“Well congratulations!” Linda raised her glass and drank. “How much do you want for my half? How about $50K? Probably a good deal, even for this shit shack.” 

Tom continued to read over the piece of paper, his face fixed in a puzzled expression.

“Tom, let’s sell this place and win at life. We could start again in California again. We could eat oranges to save money, and we’d have all the money to pay off our debts and be writers. Don’t you think Grandma would rather see us succeed at our dreams than keep an old farmhouse and work in a no name town?”

“We can write anywhere, Lin. That’s the thing about writing. You can do it in a so called ‘shit shack’ in a cornfield or tent. If you want to camp outside and be homeless, go ahead.” 

“Yeah but there’s more to life than art. We could each start living our lives, maybe use our money to get our own places and start families or do anything we wanted. A change of scenery does wonders, you don’t even know. This money means everything.” Linda put her arm on Tom’s shoulder in a rare expression of sympathy. Tom continued to look down at the piece of paper.

 “Alright I’m going to bed, Tom. Let’s sleep on the decision. We’re both worked up. She died a month ago, we’re still grieving and having to sort out all this legal bullshit.” Linda got up from the couch. “Good night. By the way, you’re doing the dishes next, don’t forget. You should get some sleep.” She turned off the living room lights.

“Good night,” Tom said, eyes still locked, unfocused, on the sheet of paper. The fireplace provided the only heat and light in the living room.


“To The Twins,

If you’re reading this, I’m dead. The cigarettes got me and the booze will get the two of you if you don’t stop drinking! 

Now getting down to the truth: you’re not siblings. You’re step siblings. I wanted my foster kids to get along and treat each other like family and I thought keeping up this fib would be the best way of doing it. 

To be honest, I was always creeped out you continued to live together in a dingy apartment down the street as 30-something adults and thought you maybe figured it out with a DNA test, but I don’t tell anyone how to live their lives. As long as you weren’t canoodling each other. But I guess even if you were, I guess it’s ok since you’re not blood related. Plus it gave me a lot of writing material.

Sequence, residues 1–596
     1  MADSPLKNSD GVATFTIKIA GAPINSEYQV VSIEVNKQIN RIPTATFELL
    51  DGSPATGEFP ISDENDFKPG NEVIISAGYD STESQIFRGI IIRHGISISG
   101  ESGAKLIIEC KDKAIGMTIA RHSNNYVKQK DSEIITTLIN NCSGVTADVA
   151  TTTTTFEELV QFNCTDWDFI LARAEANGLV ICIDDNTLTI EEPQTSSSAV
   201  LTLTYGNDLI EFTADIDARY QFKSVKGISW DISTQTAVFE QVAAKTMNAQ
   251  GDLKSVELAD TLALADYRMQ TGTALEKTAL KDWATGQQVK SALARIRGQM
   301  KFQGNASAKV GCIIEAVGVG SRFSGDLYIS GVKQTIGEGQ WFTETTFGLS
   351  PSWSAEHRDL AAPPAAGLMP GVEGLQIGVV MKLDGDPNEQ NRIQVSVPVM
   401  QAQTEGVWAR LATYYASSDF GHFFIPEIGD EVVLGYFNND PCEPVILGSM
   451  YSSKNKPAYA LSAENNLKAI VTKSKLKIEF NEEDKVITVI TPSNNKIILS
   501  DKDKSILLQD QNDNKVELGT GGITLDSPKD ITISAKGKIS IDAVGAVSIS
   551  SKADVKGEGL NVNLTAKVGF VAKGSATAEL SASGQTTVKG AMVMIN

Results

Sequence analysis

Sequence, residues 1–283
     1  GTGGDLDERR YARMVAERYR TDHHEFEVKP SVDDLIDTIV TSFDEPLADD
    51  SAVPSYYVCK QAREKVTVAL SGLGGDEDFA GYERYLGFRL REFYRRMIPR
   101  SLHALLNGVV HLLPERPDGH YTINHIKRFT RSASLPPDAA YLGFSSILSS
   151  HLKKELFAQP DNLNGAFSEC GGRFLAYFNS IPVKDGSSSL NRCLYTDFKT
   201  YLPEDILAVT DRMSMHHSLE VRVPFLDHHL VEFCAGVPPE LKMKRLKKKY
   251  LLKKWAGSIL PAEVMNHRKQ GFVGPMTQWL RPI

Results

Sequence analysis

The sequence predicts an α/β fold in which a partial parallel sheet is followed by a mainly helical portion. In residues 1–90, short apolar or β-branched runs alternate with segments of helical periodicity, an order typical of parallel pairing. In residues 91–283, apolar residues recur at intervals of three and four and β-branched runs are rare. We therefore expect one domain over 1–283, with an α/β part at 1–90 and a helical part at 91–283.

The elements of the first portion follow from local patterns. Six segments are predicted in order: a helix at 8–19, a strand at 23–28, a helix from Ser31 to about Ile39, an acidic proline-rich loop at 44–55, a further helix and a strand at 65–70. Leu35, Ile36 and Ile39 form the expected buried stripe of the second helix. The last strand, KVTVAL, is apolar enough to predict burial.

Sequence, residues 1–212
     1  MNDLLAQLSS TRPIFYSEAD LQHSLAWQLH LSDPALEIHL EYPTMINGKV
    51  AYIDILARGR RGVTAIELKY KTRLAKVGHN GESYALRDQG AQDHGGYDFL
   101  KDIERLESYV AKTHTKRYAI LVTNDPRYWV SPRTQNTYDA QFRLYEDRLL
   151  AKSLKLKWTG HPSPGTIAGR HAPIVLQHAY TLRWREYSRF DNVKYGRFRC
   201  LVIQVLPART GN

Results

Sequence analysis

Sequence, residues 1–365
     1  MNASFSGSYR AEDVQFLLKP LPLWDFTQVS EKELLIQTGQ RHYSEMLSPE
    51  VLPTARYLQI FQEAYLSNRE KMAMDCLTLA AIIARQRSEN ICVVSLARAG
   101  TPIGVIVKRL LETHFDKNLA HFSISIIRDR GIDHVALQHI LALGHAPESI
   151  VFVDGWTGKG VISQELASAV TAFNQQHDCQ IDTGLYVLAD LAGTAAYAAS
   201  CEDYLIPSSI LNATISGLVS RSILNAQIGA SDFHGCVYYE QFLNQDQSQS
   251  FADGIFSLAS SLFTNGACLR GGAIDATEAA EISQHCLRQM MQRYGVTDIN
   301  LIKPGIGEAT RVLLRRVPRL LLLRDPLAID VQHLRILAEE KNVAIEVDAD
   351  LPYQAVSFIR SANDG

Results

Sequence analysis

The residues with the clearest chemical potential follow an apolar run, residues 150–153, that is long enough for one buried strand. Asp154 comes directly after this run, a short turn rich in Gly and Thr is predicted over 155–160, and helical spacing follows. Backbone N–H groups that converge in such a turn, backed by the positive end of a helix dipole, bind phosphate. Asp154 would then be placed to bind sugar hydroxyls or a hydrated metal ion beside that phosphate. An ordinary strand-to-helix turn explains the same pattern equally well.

Next, you probably noticed there was no will. I blew all the money gambling and had to mortgage the house. The bank is foreclosing so you won’t get a dime of it. Give up writing, don’t become like me. Or at least, don’t gamble. And stop drinking, for God’s sake!

I’ve hidden something in the false bottom of the trunk, don’t tell the bank. Tommybuns, I know you probably read this first— make sure to burn the letter when you’re done. No offense, Linny-Bunny, he was always the reader among you both. 

I love you both and I better not see you soon.



Tom burned the letter in the fireplace. He took the piles of clothes and jewelry and all sorts of gewgaws, placing them down around the trunk at a quickening pace, his heart racing to get to the bottom of the chest. He pushed down on the back of the bottom board, and it popped up. 

All that he saw were papers, written on a typewriter. Story after story. Tom had no idea Grandma wrote anything. He tried to read some of it, but he was too drunk and too tired. What good was writing, anyway. He found their true birth certificates and threw them in the fire and the black ashes charged up the chimney, tears filling his eyes. He continued to shovel the rest of the papers into the fire, amongst them Grandma’s life insurance policy, good for one million dollars. It merged now with the black sky above, sharing carbon with the stars.

January 15, 2022 04:42

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Stevie B
13:08 Jan 20, 2022

Dale, thank you for the enjoyable read!


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Unknown User
22:57 Jan 20, 2022